Link related to this news item: www.healthnewsdigest.com/news/Children_s_Health_200/Computers_Help_Kids_Open_Up_About_Health.shtml Posted:Dec 18, 2009 Young adults with an autism spectrum disorder
When Damian Santomauro was diagnosed with Asperger syndrome at age five, the paediatrician told his mother Damian would never marry and never leave home.
But Josie Santomauro was determined she and her son would prove that doctor wrong. And, 15 years later, it seems they are well on their way to doing that.
Damian is now completing a psychology degree at the University of Queensland, has a job at a laboratory and a steady girlfriend. He and his mother have co-authored a book about his experiences, Asperger Download, which they hope will help other young people with the condition negotiate the difficult path through adolescence.
"When I tell people that I have Asperger's, most people are quite shocked," he says now. "They say that I have perfect social skills, displaying eye contact as well as other things."
Simple social skills are often a struggle for people with Asperger syndrome, which means holding conversations, making friends and understanding social situations can be very difficult.
For Damian, early intervention, speech therapy, the special education unit at his high school, his mother's support and - perhaps most importantly - his own determination to come to grips with social interactions have all played a part in his success.
Link related to this news item: iacapap.ki.se/ Posted:Dec 15, 2009 Media Should Tread Carefully In Covering Suicide
Scientists define a suicide cluster as three or more suicides in a specific location that occur over a short period of time. On average, there are five suicide clusters each year in the United States, according to psychiatric epidemiologist Madelyn Gould at Columbia University in New York City.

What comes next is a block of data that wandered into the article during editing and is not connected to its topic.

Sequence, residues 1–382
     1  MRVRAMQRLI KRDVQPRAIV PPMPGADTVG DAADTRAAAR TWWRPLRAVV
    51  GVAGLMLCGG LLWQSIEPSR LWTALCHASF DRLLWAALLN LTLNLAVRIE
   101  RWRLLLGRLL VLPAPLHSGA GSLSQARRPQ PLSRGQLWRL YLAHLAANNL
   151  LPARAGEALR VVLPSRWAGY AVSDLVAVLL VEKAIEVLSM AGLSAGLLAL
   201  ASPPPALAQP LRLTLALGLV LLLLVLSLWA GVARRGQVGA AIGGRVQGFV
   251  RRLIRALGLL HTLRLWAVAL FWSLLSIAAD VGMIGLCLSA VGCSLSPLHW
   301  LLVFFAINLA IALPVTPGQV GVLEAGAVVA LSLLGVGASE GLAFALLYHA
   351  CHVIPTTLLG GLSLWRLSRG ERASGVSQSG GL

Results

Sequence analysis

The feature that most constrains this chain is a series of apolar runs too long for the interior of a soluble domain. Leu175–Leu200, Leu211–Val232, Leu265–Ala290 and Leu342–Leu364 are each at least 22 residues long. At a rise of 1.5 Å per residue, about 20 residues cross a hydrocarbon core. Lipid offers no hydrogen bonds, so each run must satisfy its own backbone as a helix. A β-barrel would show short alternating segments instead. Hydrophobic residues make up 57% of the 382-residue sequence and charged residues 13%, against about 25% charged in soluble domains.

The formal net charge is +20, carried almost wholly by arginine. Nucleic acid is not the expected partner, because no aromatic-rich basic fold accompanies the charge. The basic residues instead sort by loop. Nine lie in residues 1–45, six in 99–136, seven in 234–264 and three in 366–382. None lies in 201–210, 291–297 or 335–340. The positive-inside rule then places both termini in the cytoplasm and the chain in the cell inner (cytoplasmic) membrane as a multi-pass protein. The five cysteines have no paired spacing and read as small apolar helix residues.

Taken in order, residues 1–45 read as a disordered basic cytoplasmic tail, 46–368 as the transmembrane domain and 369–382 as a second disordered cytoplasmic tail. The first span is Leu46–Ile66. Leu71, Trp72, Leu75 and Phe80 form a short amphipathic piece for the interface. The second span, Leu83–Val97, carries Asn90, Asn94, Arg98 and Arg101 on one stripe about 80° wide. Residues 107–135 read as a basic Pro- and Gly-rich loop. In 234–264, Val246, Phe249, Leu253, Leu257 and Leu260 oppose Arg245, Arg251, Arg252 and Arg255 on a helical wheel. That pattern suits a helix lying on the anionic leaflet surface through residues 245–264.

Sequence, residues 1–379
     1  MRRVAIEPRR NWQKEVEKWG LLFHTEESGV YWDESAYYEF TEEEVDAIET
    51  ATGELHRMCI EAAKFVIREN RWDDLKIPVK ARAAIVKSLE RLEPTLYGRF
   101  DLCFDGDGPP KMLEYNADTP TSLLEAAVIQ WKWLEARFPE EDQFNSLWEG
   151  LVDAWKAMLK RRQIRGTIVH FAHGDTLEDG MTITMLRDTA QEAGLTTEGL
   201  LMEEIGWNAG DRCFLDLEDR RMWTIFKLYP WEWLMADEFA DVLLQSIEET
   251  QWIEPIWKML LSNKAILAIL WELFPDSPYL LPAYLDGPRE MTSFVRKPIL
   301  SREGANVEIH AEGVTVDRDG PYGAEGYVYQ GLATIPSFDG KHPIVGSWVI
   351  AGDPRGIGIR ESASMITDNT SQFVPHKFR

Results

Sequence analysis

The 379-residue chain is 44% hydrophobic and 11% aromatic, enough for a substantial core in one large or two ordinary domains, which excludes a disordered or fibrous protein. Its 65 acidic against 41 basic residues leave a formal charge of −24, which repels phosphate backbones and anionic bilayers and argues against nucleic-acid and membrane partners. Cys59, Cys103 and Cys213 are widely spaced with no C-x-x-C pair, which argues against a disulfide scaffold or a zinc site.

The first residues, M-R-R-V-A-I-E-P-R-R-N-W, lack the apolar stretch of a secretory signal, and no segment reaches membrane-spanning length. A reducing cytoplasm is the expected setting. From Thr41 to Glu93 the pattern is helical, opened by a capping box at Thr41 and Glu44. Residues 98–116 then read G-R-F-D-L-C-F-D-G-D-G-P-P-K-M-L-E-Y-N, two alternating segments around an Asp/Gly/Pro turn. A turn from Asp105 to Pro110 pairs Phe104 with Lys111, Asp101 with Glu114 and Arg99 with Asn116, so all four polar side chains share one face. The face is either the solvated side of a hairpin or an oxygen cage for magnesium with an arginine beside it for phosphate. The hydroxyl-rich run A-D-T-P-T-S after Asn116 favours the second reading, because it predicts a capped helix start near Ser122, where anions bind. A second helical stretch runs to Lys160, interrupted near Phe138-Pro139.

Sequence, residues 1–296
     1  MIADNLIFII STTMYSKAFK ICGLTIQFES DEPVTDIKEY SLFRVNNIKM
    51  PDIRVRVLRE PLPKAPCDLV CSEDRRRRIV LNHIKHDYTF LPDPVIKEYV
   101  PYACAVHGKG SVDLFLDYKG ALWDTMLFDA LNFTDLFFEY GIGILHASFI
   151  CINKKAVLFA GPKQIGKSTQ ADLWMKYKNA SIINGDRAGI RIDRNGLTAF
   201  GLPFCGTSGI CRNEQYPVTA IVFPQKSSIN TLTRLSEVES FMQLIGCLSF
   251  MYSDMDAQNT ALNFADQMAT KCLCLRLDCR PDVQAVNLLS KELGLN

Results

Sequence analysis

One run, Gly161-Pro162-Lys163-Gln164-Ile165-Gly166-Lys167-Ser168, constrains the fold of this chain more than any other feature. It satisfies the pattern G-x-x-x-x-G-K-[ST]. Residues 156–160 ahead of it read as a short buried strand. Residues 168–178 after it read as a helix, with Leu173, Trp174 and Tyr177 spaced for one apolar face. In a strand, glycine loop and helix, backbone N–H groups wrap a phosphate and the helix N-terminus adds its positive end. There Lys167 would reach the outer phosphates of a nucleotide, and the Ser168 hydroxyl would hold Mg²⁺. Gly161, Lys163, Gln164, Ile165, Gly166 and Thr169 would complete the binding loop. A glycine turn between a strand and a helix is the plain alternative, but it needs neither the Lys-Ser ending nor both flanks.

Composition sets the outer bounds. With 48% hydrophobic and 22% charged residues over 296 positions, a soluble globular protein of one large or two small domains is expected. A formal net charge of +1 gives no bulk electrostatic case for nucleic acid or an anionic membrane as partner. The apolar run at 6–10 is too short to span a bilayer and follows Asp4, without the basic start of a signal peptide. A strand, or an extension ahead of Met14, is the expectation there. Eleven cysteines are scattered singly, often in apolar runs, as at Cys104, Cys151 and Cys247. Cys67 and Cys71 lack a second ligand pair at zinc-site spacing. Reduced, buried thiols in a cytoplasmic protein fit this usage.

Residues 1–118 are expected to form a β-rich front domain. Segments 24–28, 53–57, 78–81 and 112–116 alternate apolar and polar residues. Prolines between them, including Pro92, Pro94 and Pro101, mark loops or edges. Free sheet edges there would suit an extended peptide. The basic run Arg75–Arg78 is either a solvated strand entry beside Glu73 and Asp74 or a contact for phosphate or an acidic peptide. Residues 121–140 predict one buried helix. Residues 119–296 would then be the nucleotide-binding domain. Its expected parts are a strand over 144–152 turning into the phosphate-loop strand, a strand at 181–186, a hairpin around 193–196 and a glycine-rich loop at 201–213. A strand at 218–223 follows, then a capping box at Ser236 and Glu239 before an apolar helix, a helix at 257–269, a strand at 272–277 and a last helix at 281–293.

Gould has found that suicide clusters are a relatively rare event, accounting for fewer than 5 percent of all suicides in teenagers and young adults. The most distinctive feature about suicide clusters is that they occur almost exclusively in teenagers, she says.
"Suicides following the exposure to someone's death by suicide, was about two to four times higher among 15- to 19-year-olds than [in] other age groups," Gould says.
So what is it about teenagers that make them particularly vulnerable? For one, Gould says, adolescents are intensely focused on other teenagers and on imitating the behaviors of other teens. It's a developmental phenomenon that scientists call "social modeling."
And for adolescents, says Gould, "it's the peer group members who often serve as models. So during this age it's the peers that replace family members and other adults as the most influential group. And suicide is another behavior that can be modeled, unfortunately."
Another characteristic typical of teenagers that puts them at increased risk of suicide is their tendency to act impulsively. This behavioral inclination is a function of a still-maturing brain. Neuroscientists have found that complex cognitive functions - such as inhibiting impulsive behaviors, planning ahead, and problem solving - occur in the prefrontal cortex, a brain area that continues to develop throughout adolescence and well into young adulthood.
So until an adolescent's brain is more fully mature, he or she will tend to behave impulsively, neglect future consequences, and perhaps view suicide as an immediate solution to problems, especially if a friend or acquaintance has taken that route.